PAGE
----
Community and Public Health Nutrition
Population-level replacement of discretionary (i.e, table/cooking) salt with potassium-enriched salt substitutes is a promising strategy to reduce blood pressure (BP) and prevent cardiovascular disease (CVD). This may be particularly impactful in countries like China where sodium intake is high, mainly from discretionary salt use, and where potassium intake low. However, hyperkalemia resulting from potassium-enriched substitutes and its adverse CVD consequences are of concern for those with chronic kidney disease (CKD). We aimed to estimate the benefits and risks of nationwide replacement of discretionary salt with potassium-enriched salt substitute on CVD mortality in Chinese CKD patients.
Methods : We used a comparative risk assessment framework and incorporated existing data and corresponding uncertainties from randomized trials, the China National Survey of CKD, the Global Burden of Disease study, and the CKD Prognosis Consortium. We estimated averted CVD mortality from reduced BP subsequent to salt substitution in CKD patients (defined as estimated glomerular filtration rate < 60 mL/min per 1.73 m2) stratified by age and sex. Additional CVD deaths from hyperkalemia due to salt substitution were modelled in CKD patients stratified by kidney function. The robustness of the primary model was evaluated in a series of sensitivity analyses where key model assumptions and inputs were altered.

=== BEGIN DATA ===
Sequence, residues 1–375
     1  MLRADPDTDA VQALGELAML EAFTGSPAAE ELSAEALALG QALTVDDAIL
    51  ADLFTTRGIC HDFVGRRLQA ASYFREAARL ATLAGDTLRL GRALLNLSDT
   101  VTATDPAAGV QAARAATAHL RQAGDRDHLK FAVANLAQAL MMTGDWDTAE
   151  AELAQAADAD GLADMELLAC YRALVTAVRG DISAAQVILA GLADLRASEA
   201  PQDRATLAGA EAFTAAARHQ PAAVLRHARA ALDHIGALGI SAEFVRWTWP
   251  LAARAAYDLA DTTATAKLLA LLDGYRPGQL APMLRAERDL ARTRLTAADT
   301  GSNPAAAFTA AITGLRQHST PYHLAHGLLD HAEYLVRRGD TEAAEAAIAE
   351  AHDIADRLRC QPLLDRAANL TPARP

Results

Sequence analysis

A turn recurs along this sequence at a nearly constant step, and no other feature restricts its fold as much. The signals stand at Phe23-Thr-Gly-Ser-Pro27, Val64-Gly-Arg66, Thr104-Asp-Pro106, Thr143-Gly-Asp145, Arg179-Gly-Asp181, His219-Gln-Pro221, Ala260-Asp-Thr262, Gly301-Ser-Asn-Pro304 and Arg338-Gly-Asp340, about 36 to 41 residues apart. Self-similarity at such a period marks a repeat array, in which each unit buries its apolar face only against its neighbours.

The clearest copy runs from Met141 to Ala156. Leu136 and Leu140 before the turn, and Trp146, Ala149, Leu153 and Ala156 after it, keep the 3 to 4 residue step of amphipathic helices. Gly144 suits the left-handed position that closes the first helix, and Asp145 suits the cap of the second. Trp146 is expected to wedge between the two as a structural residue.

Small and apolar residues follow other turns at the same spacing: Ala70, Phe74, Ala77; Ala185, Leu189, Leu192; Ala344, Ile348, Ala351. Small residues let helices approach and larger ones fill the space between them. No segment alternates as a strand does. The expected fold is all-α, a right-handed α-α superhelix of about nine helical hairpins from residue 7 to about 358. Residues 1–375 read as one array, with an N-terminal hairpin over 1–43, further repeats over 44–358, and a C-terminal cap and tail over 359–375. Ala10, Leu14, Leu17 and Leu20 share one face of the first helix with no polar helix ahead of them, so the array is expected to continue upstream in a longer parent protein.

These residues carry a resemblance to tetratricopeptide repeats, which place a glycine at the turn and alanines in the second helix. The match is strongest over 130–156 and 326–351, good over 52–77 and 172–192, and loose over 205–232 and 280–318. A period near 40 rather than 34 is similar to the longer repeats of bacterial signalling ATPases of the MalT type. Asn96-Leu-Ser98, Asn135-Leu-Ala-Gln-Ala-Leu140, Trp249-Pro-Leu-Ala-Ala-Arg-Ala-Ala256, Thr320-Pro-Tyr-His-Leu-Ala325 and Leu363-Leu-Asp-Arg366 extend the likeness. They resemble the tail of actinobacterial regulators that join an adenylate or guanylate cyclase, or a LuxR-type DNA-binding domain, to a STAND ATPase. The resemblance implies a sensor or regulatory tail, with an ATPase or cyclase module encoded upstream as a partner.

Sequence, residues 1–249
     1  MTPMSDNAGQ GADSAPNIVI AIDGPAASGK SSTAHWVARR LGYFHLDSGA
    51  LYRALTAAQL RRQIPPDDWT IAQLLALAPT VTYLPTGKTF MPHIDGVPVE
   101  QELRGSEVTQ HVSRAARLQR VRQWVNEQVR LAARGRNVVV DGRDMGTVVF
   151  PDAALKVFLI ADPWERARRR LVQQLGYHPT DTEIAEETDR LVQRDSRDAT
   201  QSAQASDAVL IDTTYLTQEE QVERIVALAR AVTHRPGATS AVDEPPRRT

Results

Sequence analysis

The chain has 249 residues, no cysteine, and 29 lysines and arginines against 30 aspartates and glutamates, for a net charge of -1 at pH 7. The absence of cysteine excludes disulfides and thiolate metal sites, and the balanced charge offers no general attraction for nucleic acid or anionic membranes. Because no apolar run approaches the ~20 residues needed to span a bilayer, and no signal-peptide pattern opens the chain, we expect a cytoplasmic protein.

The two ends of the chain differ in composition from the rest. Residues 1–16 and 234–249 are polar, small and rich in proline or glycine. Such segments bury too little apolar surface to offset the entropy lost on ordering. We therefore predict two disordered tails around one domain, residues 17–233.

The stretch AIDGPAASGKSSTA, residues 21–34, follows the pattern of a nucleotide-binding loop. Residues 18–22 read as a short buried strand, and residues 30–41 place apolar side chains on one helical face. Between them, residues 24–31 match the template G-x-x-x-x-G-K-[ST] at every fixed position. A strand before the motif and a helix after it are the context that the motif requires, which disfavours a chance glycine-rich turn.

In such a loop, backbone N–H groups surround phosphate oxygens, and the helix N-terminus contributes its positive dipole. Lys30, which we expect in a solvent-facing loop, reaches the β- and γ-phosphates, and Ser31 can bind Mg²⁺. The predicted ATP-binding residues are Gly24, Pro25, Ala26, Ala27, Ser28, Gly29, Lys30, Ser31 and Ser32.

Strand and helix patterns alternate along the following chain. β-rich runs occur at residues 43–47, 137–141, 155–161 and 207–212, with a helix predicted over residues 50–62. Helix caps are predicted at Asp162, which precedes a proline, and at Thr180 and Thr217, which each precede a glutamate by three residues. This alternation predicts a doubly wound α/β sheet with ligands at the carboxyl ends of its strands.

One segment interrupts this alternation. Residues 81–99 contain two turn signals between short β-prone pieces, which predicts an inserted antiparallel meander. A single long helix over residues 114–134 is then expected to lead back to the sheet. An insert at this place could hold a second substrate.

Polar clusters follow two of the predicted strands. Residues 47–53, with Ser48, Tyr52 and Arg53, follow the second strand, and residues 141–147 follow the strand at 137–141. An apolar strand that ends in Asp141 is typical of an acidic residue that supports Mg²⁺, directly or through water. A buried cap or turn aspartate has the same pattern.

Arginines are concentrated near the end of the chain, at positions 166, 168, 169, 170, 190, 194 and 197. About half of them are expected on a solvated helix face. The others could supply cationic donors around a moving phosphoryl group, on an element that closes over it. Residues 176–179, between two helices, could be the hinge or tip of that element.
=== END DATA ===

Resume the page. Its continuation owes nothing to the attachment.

Results : Nationwide implementation of potassium-enriched salt substitution would prevent an estimated 29,735 (95% uncertainty interval: 13,018-50,403) CVD deaths/year among CKD patients by reducing BP, while the increased potassium intake could potentially produce an estimated 9,791 (6,078-15,941) additional hyperkalemia-related deaths (Table). The net effect would be 19,558 (3,430-37,959) fewer CVD deaths/year, corresponding to 7.4% (1.4-13.4) of annual CVD deaths in Chinese CKD patients. Net benefits were consistent in sensitivity analyses (Table).
Conclusions : Despite the risks of hyperkalemia, nationwide potassium-enriched salt substitution in China would result in significant net benefit among CKD patients.
Funding Sources : This analysis was conducted in collaboration with Resolve to Save Lives, an initiative of Vital Strategies. Resolve to Save Lives is funded by Bloomberg Philanthropies, the Bill & Melinda Gates Foundation, and Gates Philanthropy Partners, which is funded with support from the Chan Zuckerberg Foundation. Funding for this work was also provided by the National Health and Medical Research Council and UNSW Sydney.